An injured eagle that was seen moving between backyards along the Rock River in Watertown earlier this month, is reportedly in serious condition at a recovery center in Antigo. Neighbors who had seen the injured eagle, sought assistance to save the raptor.
The bird, a 4-year-old female, is recovering from blindness in both eyes.
After examining the eagle at the Raptor Education Group center, Director Marge Gibson said she is not sure how the bird was injured. “When she came, she was very critical and weak. An eagle has to be pretty sick to allow humans to put a blanket on them,” she added.
“We are not sure how she got injured, but it looks like a puncture wound in the right eye,” Gibson said. It could have been caused by a fishing hook, she added.
The eagle also had a “sympathetic response” to the loss of vision, Gibson said. “Humans can also have that,” she said. “It is a visual barrier in the brain (causing the other eye shut down). There is no damage (to one eye). That eye has retained some vision.
“The eagle is improving, but she is not out of the woods,” Gibson said. “She is still in serious condition and under treatment with antibiotics and soft foods. She is improving and vision is returning.”
If the bird does improve, it would be released in a neutral area to prevent any territorial disputes. “Because the issue occurred when the eagles are still migrating, she may not be a local bird,” Gibson said.
For several days, the bird was seen along the river’s edge by Riverlawn Avenue in Watertown. Many neighbors were concerned about the bird, said Ellen Klaus of Riverlawn Avenue, who sent photos of the rescue to the paper.
The bird was observed acting strangely in the neighborhood the night of Tuesday, May 4, said Naomi Steinruck of Oconomowoc. Her son, Ivon Steinruck, who lives along Riverlawn Avenue, contacted his mother about the bird. Naomi Steinruck is a bird photographer.
Ivon Steinruck took a video of the eagle in the backyard and sent it along to his mother to view. “I agreed and said that is not right” about the raptor, Naomi Steinruck said.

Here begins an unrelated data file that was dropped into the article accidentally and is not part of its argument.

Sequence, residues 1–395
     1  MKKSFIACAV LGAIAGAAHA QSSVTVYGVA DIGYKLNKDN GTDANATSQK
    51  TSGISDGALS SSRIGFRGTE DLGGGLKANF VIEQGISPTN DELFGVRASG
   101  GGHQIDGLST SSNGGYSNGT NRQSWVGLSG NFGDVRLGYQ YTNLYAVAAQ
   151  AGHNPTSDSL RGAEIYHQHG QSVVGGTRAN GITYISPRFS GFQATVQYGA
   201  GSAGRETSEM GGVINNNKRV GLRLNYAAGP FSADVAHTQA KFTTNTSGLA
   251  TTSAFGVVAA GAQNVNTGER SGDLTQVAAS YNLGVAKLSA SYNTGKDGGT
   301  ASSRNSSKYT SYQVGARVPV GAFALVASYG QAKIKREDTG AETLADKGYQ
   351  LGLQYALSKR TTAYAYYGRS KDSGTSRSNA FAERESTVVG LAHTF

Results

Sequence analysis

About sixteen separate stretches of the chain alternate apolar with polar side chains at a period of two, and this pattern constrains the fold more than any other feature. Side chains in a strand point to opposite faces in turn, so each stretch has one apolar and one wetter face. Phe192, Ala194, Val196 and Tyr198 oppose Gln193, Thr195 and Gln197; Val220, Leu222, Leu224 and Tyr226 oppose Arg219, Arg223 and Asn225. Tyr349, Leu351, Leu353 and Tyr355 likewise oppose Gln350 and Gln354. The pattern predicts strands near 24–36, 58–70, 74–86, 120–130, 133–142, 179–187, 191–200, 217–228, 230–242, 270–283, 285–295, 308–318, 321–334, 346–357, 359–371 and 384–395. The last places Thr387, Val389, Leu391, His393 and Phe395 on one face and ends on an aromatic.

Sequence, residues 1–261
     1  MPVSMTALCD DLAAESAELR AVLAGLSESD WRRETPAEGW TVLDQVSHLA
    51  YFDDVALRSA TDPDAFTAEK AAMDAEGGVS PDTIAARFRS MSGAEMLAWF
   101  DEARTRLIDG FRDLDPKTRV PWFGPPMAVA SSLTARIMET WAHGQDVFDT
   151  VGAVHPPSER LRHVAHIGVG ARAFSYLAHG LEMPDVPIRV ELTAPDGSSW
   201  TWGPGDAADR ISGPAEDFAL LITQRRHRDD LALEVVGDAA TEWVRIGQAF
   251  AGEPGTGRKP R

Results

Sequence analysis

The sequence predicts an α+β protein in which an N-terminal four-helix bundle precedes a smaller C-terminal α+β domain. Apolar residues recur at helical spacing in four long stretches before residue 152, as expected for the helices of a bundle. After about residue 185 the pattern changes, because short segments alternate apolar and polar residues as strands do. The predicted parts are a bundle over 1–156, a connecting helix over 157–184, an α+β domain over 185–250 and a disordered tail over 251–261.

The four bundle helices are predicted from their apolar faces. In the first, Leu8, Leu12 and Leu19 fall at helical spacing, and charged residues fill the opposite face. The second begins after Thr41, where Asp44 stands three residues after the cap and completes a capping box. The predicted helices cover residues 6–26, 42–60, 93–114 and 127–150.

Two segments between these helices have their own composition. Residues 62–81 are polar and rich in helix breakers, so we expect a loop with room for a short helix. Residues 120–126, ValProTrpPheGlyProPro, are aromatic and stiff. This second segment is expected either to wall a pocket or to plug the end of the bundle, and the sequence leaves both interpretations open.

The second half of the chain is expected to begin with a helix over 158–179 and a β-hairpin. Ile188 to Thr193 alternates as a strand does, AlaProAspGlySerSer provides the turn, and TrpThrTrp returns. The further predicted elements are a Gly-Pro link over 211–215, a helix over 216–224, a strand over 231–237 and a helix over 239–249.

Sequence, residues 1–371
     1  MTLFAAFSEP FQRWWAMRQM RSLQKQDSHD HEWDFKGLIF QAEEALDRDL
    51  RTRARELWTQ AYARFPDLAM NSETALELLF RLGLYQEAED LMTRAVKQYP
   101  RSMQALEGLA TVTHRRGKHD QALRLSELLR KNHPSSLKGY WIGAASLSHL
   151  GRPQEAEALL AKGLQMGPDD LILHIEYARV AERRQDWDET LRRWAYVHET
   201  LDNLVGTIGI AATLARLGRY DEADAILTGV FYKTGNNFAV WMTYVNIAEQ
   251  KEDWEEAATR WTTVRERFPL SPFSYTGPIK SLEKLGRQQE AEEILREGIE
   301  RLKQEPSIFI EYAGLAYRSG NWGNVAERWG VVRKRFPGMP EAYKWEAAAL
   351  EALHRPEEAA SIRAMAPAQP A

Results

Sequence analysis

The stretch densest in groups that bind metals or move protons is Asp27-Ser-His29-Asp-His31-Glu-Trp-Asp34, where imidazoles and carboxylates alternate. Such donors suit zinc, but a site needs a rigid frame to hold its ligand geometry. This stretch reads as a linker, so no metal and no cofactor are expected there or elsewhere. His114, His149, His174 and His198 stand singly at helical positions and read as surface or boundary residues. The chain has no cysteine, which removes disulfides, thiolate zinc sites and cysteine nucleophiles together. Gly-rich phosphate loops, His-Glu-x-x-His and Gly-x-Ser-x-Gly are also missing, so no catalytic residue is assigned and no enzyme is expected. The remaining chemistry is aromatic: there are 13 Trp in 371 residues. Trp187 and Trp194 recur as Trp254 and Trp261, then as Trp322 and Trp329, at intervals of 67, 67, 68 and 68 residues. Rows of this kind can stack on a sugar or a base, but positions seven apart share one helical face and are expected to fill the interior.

The photographer contacted Marge Gibson, director of the Raptor Education Group Inc. in Antigo. Naomia Steinruck knew of Gibson because she had worked with the director a few years ago on a loon rescue.
Gibson contacted Lynda Hamilton Rafel of Hartland and John Kraak of Madison, animal rescuers.
Hamilton Rafel requested Naomi Steinruck take pictures with a zoom lens of the injured bird of prey.
“I got photos of her eye and nice profile pictures along the water,” Naomi Steinruck said. “It is sad on how I got good pictures under these circumstances,” the photographer said. With the pictures, the rescuers were able to determine on which side to approach the bird for capture.
For Hamilton Rafel, it was her first eagle rescue. “It is a hobby,” Rafel said of her volunteer animal rescues. “Actually, I started volunteering at the Wildlife in Need Center in Oconomowoc.” The center is currently closed, so that is why REGI was contacted, she said.
Hamilton Rafel was informed the bird had been on the ground a few days before she was contacted. Kraak was also contacted to assist with the rescue. They had worked together in the past rescuing birds in the southern part of the state.
When the rescuers arrived on the scene at about 3:30 p.m. May 5, the bird was already captured. Mike Powers used a heavy blanket to round up the bird.
Hamilton Rafel said when she arrived, she was surprised the bird was under a blanket and laying on its back. “When I got there I took the blanket off her head so she could breath. They (the neighbors) did the hard part, getting it contained,” she said.
“I felt so bad because I knew something was wrong with one eye,” Hamilton Rafel said. “But I didn’t know it was both eyes,” she added.
After several neighbors came to the rescue to take photos with the eagle, Kraak took the bird on the 3 1/2 hour road trip to Antigo.
“Everyone in the neighborhood wanted to come and see it,” Hamilton Rafel said. “They named it Rudy. The word got out (of the capture) and a couple of times when John wanted to go someone else came and wanted to see it.”
Hamilton Rafel, who had done other bird rescues, including a great blue heron, pelicans and turkeys, said the eagle was weak upon her arrival. “She was barley able to hold her head up and she was gasping for air. I am just glad she is getting better.”
But the bird may not be released if it does not get its vision back, Hamilton Rafel said. “Our fingers are crossed. Not knowing for sure exactly why she became blind is the hard part.”
Eagles in the wild can live 20 to 30 years.
The REGI director said the eagle is a delightful patient among the 300 animals they currently have at the center.
“The folks in Watertown were really terrific identifying the eagle needed helped and helping to capture her,” Gibson said. “As wildlife agencies have increasingly less involvement with injured wildlife, we do count on the public to help safely capture and transport. Our thanks to everyone that helped this beautiful eagle.”